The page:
Numerous other patents exist that are variations on the same themes. Unlike the present invention, they variously employ complexation chemistry or selective adsorption and/or absorption as the separatory step. U.S. Pat. No. 4,741,745 employs a liquid-gas extraction technique where a liquid adsorbent is judiciously chosen. U.S. Pat. No. 4,409,102 combines a liquid-gas adsorption in a countercurrent extraction mode with a chemical scrubbing step.
All of this prior art differs fundamentally from the present invention in the chemistries employed. None of them are based on the removal of CO2 through its conversion to methane, and all are characterized by the need to regularly replenish reagents or require an external supply of heat and/or pressure.
In the preferred embodiment, a method and processor is used to purify a natural gas stream by removal of carbon dioxide through a methanation reaction which converts the carbon dioxide to methane by using molecular hydrogen obtained by chemical means from a portion of the natural gas stream to be purified. The system therefore consists of two reaction chemistries.
In one embodiment, a side stream of the main natural gas stream is diverted to a combustion device to generate heat that may be used to drive one or both of the chemical reactions. Such heat is also used to internally regenerate catalyst. The transfer of heat from the combustion device to one or both of the reactions may be regulated by ordinary means.
In the preferred embodiment, the methanation reaction is catalytic. In this embodiment, the catalyst interface may be configured in any number of conventional ways. Typically, this takes the form of columns or beds. Non-conventional forms may be used as well. One example of the methanation reaction is that commonly used in analytical gas chromatographic applications for the detection of carbon dioxide. This involves the use of a nickel-based catalyst and a temperature of 380° C.
The hydrogen separator reaction chamber consists of a hydrocarbon reformation reactor in the preferred embodiment. Preferred chemistries are those commonly used in hydrocarbon reformation chemistry, particularly fuel cell technology. These typically use nickel, platinum, or palladium based catalyst.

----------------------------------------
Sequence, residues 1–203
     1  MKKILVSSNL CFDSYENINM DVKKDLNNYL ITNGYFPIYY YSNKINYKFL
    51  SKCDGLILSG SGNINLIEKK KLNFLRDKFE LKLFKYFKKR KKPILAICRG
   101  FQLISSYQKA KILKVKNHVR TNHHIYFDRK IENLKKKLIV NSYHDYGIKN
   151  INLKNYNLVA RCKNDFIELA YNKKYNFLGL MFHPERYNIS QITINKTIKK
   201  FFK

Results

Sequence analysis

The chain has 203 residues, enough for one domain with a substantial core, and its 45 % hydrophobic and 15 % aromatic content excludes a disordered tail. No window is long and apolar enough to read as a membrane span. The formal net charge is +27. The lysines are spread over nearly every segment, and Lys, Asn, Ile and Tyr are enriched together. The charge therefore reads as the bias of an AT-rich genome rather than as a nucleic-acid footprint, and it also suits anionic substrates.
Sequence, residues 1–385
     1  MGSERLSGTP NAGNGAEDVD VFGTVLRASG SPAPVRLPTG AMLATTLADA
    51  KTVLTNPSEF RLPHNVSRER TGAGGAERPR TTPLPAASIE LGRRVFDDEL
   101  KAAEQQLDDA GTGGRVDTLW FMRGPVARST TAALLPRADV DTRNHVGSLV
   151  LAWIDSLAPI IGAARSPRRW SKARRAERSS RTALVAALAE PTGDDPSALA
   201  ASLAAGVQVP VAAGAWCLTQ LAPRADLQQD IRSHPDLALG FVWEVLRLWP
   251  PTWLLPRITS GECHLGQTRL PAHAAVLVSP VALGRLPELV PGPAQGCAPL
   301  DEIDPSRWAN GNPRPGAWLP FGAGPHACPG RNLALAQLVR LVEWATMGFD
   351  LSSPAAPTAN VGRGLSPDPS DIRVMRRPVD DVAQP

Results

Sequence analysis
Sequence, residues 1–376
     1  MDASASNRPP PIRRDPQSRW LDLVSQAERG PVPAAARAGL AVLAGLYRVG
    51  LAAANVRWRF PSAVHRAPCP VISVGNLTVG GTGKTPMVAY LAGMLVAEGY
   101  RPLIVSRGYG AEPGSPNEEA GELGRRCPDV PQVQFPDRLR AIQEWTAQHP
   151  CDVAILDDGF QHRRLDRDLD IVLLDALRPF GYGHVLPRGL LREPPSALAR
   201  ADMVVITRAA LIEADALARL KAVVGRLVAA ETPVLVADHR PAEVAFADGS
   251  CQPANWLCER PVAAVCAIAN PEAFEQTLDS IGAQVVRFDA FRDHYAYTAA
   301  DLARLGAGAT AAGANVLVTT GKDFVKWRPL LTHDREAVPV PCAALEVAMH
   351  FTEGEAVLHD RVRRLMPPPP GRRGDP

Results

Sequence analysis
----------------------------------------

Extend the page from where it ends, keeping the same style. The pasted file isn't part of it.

The process involves redirection of side streams of raw natural gas to the hydrogen separator reaction chamber where the molecular hydrogen is extracted for subsequent use in combination with the main natural gas stream in the methanation reaction chamber. Upon methanation of the carbon dioxide in the raw natural gas stream, a purified stream emerges which is less concentrated in carbon dioxide than is the raw stream.
Further objects of the present invention utilize analogous chemistries substituted for the methanation reaction chemistry and/or for the hydrogen separator reaction. They involve the extraction of hydrogen from the main gas stream and the subsequent use of the extracted hydrogen to convert carbon dioxide to methane.
Other and further objects, features, and advantages would be apparent and eventually more readily understood upon a reading of the specification and by reference to the accompanying drawings forming a part thereof, and the examples given therein of the presently preferred embodiments of the invention.
FIG. 1 illustrates a schematic of the core of the processor in block diagram demonstrating how the main stream of raw natural gas is cleansed of carbon dioxide in a self-contained process.
FIG. 2 illustrates a schematic of the processor in block diagram including heat generating elements.
FIG. 3 is a schematic of the multiple column mode of the methanation reaction.
It is readily apparent to one skilled in the art that various embodiments and modifications may be made to the invention disclosed in this application without departing from the scope and spirit of the invention.
As used herein a “conduit” means any means for transferring gaseous material. Examples are a pipe or hose.
As used herein the term “hydrocarbon reformation” refers to the chemical conversion of hydrocarbons to solid carbon or to oxides of carbon and gaseous hydrogen.
As used herein the term “hydrogen separator reaction chamber” refers to the reaction chamber where the hydrocarbon reformation occurs.
As used herein the term “methanation reaction chamber” refers to the reaction chamber wherein carbon dioxide is converted to methane.